26 October 2014

The gloomiest day of the year - yet again!


Repeat of a post from 24th October 2009:

If you find the darker afternoons that start tomorrow a depressing and pointless exercise, you might be interested in an article in The Times a few days ago (HERE for the full story from last year).

Apart from relieving the gloom, not putting the clocks back tonight would reduce electricity consumption by 1-2% and save NHS expenditure on dealing with accidents and emergencies:

“During an experiment 40 years ago, when British Summer Time was used all year for three years, there was an average of 2,500 fewer deaths and serious injuries each year. Opposition from Scotland contributed to the decision to return to putting the clocks back in winter.”

If putting the clocks back is such a big deal for the Scots, why don’t we let them do it on their own, especially now they have their own parliament in Edinburgh?

A different time zone in Scotland might be marginally inconvenient for the rest of us, but no more so than it already is when trying to plan meetings in other EC countries.

24 October 2014

Time for a bigger slit on Poppy collection boxes - yet again - to mark the anniversary of WW1

 

It is now nearly 5 years since I first notified the British Legion about how they could collect even more cash than usual - and yet more in this centenary year of the outbreak of WW1 - but they have still failed to take any notice of my sound advice. See here

If you agree, how about mentioning it to them, if only because they appear to be a bit hard of hearing?

22 October 2014

NEW BOOK: dreaming of selling a million!



Whenever I've written a book, I always dream of it selling by the million. In fact, I doubt whether anyone would ever write a book at all if they knew how few people would ever actually read it.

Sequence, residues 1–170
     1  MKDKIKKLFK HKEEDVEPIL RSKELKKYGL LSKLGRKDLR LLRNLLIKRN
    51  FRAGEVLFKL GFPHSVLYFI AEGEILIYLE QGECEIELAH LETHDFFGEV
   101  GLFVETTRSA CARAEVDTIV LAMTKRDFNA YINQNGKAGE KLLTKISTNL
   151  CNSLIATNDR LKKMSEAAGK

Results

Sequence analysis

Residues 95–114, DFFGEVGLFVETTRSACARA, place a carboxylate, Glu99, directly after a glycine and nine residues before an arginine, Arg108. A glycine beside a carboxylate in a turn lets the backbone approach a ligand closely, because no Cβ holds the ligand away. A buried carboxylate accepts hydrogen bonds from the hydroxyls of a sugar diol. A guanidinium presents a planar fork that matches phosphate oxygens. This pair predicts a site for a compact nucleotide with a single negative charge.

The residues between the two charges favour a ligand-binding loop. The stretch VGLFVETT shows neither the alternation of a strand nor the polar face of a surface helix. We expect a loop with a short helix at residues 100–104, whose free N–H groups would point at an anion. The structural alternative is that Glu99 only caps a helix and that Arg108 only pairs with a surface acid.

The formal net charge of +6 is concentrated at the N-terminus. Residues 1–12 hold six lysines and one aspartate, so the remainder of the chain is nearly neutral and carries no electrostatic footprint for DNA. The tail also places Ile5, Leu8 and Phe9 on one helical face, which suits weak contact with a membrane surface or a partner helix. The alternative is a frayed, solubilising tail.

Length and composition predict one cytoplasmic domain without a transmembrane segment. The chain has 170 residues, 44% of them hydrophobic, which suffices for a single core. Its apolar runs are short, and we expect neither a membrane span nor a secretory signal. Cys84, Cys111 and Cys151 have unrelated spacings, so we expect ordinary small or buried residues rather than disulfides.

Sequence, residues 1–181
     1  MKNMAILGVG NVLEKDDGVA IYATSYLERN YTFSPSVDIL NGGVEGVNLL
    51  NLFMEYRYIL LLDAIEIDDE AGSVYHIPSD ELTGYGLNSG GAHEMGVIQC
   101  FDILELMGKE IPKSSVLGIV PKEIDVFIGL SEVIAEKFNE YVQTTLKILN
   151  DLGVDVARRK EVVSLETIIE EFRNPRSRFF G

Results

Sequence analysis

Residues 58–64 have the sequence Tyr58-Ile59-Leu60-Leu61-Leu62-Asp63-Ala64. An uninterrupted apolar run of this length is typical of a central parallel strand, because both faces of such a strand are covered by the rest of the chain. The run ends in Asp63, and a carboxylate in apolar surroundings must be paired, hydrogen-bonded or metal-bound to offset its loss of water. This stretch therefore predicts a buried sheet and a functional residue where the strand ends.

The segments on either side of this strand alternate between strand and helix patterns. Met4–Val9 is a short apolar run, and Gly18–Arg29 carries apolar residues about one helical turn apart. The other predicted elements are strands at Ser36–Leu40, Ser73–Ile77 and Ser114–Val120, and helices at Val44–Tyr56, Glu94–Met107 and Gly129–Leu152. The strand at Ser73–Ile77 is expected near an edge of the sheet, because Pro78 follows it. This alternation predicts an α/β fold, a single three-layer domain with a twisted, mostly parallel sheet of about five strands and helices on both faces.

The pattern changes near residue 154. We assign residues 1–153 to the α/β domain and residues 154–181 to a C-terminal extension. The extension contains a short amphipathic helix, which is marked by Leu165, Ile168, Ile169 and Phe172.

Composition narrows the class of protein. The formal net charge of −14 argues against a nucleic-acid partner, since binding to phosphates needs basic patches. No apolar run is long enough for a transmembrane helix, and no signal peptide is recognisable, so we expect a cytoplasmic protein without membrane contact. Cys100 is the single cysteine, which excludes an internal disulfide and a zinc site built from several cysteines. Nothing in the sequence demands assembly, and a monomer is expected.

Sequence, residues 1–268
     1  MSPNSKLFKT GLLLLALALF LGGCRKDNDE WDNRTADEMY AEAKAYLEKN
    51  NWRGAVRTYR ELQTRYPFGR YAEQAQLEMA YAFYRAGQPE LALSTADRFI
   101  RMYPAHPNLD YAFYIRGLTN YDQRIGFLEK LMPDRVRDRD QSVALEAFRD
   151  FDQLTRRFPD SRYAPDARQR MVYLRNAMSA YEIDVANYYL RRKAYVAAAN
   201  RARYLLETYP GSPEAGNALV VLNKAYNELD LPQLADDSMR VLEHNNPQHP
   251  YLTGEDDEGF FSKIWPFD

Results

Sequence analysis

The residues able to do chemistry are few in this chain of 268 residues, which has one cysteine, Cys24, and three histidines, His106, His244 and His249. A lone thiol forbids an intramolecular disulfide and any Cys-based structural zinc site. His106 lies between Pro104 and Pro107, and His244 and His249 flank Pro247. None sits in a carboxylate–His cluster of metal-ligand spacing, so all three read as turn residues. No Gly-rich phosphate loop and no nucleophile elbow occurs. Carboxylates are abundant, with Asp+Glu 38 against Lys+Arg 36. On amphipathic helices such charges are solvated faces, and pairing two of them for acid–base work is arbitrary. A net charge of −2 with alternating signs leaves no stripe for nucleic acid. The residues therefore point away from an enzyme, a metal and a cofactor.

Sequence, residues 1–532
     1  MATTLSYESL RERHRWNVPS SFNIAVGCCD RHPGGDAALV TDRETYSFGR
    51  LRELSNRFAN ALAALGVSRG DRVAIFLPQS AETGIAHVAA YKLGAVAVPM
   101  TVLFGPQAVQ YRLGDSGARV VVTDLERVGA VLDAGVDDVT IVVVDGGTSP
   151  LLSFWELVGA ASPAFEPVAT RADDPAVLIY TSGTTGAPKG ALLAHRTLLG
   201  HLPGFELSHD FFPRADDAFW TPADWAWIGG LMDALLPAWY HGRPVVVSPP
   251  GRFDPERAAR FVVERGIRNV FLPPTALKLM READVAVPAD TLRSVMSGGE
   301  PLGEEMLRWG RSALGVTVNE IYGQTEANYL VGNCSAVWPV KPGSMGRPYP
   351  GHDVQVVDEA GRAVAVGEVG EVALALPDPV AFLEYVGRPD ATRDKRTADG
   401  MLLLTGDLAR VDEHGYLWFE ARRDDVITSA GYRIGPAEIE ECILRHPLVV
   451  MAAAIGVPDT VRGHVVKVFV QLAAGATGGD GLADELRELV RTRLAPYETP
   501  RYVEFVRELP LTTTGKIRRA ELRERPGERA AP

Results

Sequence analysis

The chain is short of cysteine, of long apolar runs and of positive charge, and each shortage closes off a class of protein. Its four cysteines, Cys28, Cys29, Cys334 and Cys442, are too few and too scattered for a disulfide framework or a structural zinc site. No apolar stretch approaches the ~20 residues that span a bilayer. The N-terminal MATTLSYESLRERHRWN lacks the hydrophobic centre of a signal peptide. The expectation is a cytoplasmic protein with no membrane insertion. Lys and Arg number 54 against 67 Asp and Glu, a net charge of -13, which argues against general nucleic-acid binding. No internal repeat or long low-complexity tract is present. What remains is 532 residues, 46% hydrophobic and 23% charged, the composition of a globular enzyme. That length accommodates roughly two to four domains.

In this respect, I count myself as very lucky indeed, as Lend Me Your Ears: all you need to know about making speeches and presentations has become an 'international bestseller'. My earlier Our Masters' Voices: the language and body language of Politics didn't do too badly either and is still available 30 years later. My more academic books also got noticed by appropriate audiences in sociology, psychology and linguistics

But in none of these cases had the internet developed anywhere near to where it is today - with e-books, Kindle and yes, hard copies too!

This blog has, according to Ayd Instone, publisher of my latest book, so far been made up of slightly fewer words than Tolstoy's War and Peace and slightly more than Pickwick Papers by Charles Dickens.

But after editing it down to a similar length to that of Lend Me Your Ears it becomes a more manageable length and gives readers the advantage of not having to gaze at a screen for hours on end.

Needless to say, I'm still dreaming of selling a million, hoping that you loyal blog readers will help to pave the way and that some of you will write 5 star reviews on Amazon...



17 October 2014

Promotion or demotion at Sky News?


I've blogged previously about Adam Boulton's tendency to 'um', 'er', pause and otherwise hesitate far more than is to be expected from the Politics Editor of a major 24 hr news channel - not to mention other blogs elsewhere on the hazards faced by speakers who rely too much on teleprompters.

But Adam's problem seems to have been solved more or less completely in recent days - by the simple device of turning him into a news reader rather than an interviewee who answers questions put to him by one of the more regular news readers - who rarely serve as news reporters out in the field.

Whether being transformed from being a news reader rather than a news reporter/editor is a promotion or demotion for Mr Boulton I do not know. 

Perhaps he or one of his colleagues at Sky News knows the answer and will let us know in due course whether it's a temporary measure or it's been done to prevent viewers from having to suffer from listening to the continuous 'umming' and 'erring' of the political editor.